Sen. Dianne Feinstein, Chairwoman of the Senate Intelligence Committee, told CNN's Candy Crowley that telecommunication companies have not yet agreed to hold phone data and a bill might be needed for them to do so. Lawmakers have 90 days to act on President Obama's NSA data collection proposal.
By CNN's Deena Zaru
In a world of smart phones and smart cars, the Internet is no longer limited to your desktop; it follows you wherever you go. And as long as you are online, you could potentially be tracked at all times.
While all eyes are on the National Security Agency's bulk collection of data, a thriving economy built on mass consumer surveillance is growing. Companies are collecting information about consumers in order to sell ads more effectively.
Some of the most commonly visited sites use tracking cookies and sophisticated software through third parties to collect information about consumers and sell it to advertisers, often times without the consumer’s permission.
New technologies and a heightened level of sharing on multiple outlets have led to moral and practical dilemmas that confront consumers, the tech industry, retailers, even the government. FULL POST
Sen. Rand Paul R-KY is filing a law suit against the Obama administration over its controversial NSA policies.
Rep. Mike Rogers says "uncertainty" in NSA reforms is already having "an impact on our ability to protect Americans".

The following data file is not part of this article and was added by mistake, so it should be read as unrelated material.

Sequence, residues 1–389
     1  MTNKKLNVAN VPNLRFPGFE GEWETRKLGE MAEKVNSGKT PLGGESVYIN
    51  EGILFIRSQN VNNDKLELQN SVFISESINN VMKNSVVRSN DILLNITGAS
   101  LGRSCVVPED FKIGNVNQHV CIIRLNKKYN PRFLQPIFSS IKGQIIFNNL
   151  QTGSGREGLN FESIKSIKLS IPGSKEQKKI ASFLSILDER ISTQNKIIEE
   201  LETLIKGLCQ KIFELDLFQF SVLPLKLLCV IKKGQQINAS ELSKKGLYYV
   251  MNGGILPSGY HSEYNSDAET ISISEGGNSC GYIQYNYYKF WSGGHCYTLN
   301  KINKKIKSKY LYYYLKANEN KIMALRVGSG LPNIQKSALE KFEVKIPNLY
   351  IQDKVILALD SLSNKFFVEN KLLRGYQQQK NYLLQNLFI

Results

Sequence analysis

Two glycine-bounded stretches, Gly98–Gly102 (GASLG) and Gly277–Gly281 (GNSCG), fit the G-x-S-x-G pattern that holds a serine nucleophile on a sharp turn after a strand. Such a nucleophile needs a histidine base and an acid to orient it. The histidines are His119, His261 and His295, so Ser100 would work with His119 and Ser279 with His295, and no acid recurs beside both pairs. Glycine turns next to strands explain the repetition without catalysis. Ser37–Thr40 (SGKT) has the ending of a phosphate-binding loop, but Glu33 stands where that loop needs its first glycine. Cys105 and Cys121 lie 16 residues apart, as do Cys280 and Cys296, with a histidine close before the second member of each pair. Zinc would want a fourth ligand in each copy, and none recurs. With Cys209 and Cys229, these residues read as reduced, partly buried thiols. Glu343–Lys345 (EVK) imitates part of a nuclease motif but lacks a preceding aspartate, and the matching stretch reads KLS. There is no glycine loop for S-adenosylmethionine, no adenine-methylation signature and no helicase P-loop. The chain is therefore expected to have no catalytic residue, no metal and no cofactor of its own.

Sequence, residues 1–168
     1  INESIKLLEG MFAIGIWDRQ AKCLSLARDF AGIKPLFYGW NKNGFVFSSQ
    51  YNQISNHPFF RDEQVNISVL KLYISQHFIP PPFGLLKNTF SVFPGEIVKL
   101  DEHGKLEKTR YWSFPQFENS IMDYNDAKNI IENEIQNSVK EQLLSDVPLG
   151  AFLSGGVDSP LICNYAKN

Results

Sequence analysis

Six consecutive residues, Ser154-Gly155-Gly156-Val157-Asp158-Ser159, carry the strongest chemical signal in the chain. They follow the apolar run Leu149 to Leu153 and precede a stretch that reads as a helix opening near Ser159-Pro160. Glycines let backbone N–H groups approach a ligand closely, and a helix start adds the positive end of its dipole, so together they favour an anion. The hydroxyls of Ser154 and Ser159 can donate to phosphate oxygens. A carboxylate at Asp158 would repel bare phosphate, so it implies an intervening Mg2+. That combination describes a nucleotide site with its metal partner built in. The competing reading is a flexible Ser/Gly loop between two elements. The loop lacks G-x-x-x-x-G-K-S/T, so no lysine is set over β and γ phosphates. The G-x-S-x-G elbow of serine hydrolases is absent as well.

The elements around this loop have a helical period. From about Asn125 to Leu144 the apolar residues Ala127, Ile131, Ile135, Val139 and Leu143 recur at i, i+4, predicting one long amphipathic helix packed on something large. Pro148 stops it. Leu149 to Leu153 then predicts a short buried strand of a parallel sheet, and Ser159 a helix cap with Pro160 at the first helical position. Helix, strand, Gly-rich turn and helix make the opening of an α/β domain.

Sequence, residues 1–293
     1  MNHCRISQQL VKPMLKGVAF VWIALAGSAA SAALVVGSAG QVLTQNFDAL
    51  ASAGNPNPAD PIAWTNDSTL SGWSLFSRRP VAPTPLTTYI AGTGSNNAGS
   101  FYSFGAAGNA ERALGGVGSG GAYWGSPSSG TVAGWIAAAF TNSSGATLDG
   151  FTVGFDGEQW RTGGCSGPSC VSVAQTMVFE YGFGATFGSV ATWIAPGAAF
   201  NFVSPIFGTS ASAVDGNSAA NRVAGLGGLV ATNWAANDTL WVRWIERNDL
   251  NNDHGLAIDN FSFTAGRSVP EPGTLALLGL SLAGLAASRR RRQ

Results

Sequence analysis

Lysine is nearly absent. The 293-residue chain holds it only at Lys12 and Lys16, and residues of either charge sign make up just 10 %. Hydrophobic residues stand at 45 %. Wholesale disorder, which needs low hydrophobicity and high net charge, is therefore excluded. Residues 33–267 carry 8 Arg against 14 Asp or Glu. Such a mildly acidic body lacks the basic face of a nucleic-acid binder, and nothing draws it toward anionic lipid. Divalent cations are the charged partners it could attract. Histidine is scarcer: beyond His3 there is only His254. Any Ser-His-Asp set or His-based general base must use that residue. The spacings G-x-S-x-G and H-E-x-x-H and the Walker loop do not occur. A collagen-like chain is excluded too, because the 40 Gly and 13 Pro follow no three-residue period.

Sen. Joe Manchin (D-WV) on the NSA's secret surveillance program and whether the government is over-reaching.
By Tracey Webb Follow @WebbWriterguru
Get your daily scoop of what State of the Union is watching today, December 13, 2013.
1. Reining in the NSA. An outside review panel appointed by President Obama is recommending changes in the way the National Security Agency conducts surveillance. Among the panel's 46 recommendation, is a call to end the mass storage of Americans' phone records by the government. The group instead wants to see that information turned over to and kept by private third-parties. The review panel also wants greater judicial review and more public transparency of NSA actions. Both President Obama and the NSA have been under fire since Edward Snowden leaked documents detailing the wide scope of the agency's snooping. The President is expected to announce a series of reforms in the way the NSA does business in January.
Chairman of the House Intelligence Committee, Rep. Mike Rogers (R-MI) discusses recent reports of U.S. spying of allied leaders.
Rogers told Candy Crowley today in an exclusive interview that the U.S. and its European counterparts, including Germany, are still close friends and allies but that necessary information must be collected because, “sometimes our friends have relationships with our adversaries.” Rogers also said that European nations need to have “a better oversight structure” and if they did, “they would be enlightened to find out what their intelligence services may or may not be doing.”
Congressman Chris Van Hollen says the Patriot Act and FISA law should be changed.
Rep. Clyburn said Sunday that the NSA should not have a "blank check" when it comes to government surveillance.